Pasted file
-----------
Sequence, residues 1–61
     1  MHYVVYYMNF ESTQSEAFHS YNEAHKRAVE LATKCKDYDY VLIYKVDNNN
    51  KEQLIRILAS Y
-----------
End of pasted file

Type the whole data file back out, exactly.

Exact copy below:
Sequence, residues 1–61
     1  MHYVVYYMNF ESTQSEAFHS YNEAHKRAVE LATKCKDYDY VLIYKVDNNN
    51  KEQLIRILAS Y